(Α᾿πις), the sacred bull of Memphis, worshipped by the ancient Egyptians, who regarded it as a symbol of Osiris, the god of the Nile, the husband of His, and the great divinity of Egypt (Pomp. Mela, 1:9; AElian, Hist. An. 11, 10; Lucian, De Sacrif. 15).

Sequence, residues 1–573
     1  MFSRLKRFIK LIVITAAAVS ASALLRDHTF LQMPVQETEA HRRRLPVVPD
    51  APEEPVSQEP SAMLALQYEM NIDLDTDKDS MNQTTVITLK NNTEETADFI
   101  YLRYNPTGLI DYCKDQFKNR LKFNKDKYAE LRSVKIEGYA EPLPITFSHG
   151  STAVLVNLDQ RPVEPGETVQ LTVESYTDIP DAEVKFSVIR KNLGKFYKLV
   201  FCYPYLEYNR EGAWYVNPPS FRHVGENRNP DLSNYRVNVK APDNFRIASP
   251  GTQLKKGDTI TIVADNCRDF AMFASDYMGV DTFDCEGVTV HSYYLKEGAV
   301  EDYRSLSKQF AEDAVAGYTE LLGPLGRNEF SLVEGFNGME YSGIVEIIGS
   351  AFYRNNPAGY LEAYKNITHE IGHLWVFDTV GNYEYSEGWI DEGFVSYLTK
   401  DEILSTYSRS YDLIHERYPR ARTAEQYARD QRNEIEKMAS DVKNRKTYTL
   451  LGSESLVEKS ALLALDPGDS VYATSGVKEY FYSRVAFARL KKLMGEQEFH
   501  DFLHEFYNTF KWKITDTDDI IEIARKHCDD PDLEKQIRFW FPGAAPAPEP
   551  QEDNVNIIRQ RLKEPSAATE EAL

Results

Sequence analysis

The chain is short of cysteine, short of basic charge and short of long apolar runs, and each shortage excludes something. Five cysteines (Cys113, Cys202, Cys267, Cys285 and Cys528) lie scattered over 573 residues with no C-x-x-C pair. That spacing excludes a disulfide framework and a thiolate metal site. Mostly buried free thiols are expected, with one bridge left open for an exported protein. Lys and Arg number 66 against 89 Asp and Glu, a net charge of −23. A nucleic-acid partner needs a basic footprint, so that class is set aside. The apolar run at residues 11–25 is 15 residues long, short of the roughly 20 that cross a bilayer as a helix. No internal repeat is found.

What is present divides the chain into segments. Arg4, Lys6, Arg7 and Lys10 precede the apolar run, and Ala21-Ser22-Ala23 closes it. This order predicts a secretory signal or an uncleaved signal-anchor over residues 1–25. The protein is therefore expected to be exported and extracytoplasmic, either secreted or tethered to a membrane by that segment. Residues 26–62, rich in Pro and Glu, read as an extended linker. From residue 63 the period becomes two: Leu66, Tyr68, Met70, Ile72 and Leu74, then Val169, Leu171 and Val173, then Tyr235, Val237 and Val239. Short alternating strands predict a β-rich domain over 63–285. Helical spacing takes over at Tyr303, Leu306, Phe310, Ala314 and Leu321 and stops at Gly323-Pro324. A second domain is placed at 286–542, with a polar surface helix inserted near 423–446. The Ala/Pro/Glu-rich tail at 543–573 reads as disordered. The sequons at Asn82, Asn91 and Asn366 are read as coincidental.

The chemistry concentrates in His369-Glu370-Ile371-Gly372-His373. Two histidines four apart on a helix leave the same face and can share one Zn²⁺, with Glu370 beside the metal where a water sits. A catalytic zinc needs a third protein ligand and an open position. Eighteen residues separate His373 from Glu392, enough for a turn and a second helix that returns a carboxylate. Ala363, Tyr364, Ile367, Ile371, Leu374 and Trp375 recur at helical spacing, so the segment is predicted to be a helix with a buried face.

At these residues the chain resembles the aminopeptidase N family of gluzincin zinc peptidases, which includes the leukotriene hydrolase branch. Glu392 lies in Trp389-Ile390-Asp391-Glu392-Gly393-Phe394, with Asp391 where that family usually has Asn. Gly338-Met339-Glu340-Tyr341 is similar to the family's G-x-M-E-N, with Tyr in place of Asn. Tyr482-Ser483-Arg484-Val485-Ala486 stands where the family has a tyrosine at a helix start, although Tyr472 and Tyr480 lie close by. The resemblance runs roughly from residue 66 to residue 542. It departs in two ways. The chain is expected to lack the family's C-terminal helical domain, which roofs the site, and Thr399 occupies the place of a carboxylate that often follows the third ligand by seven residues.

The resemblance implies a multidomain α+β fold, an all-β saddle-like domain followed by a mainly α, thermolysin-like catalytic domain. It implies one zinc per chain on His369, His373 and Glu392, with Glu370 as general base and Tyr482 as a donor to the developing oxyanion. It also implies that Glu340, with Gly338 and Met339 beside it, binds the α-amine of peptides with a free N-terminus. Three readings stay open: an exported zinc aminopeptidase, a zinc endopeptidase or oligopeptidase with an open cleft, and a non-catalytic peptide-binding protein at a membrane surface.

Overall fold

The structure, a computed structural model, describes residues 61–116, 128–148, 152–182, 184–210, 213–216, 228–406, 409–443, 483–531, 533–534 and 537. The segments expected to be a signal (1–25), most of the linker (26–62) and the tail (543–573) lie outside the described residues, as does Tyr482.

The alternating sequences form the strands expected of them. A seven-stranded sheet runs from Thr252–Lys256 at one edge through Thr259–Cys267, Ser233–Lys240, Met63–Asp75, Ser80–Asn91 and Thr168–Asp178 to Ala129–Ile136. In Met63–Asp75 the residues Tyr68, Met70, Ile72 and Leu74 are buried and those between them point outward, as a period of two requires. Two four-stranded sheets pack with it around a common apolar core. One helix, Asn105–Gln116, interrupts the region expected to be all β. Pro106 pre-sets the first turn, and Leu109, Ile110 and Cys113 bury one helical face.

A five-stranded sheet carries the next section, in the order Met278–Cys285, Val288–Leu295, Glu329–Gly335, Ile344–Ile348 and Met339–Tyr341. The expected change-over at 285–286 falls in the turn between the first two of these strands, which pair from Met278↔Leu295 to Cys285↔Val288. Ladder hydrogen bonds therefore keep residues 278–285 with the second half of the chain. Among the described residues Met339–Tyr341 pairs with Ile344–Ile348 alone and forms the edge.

A sacred court or yard was set apart for the residence of Apis in the temple of Ptah at Memphis, where a numerous retinue of priests waited upon him, and sacrifices of red oxen were offered to him. His movements, choice of places, and changes of appetite, were religiously regarded as oracles. It was an understood law that Apis must not live longer than twenty-five years. When he attained this age he was secretly put to death, and buried by the priests in a sacred well, the popular belief being that he cast himself into the water If, however, he died a natural death, his body was embalmed, and then solemnly interred in the temple of Serapis at Memphis. The burial-place of the Apis bulls has lately been discovered near Memphis (Wilkinson, Ancient Egyptians, abridgm. 1:292). As soon as a suitable animal was found for a new Apis, having the required marks — black color with a white square on the brow, the figure of an eagle on the back, and a knot in the shape of a cantharus under the tongue — he was led in triumphal procession to Nilopolis at the time of the new moon, where he remained forty days, waited upon by nude women, and was afterward conveyed in a splendid vessel to Memphis. His Theophany, or day of discovery, and his birth-day were celebrated as high festivals of seven days' duration during the rise of the Nile (Herod. 3, 28). The worship of the golden calf by the Israelites in the wilderness, and also the employment of golden calves as symbols of the Deity by Jeroboam, have been very generally referred to the Egyptian worship of Apis. — Smith's Dict. of Class. Mythol. s.v. SEE CALF (GOLDEN).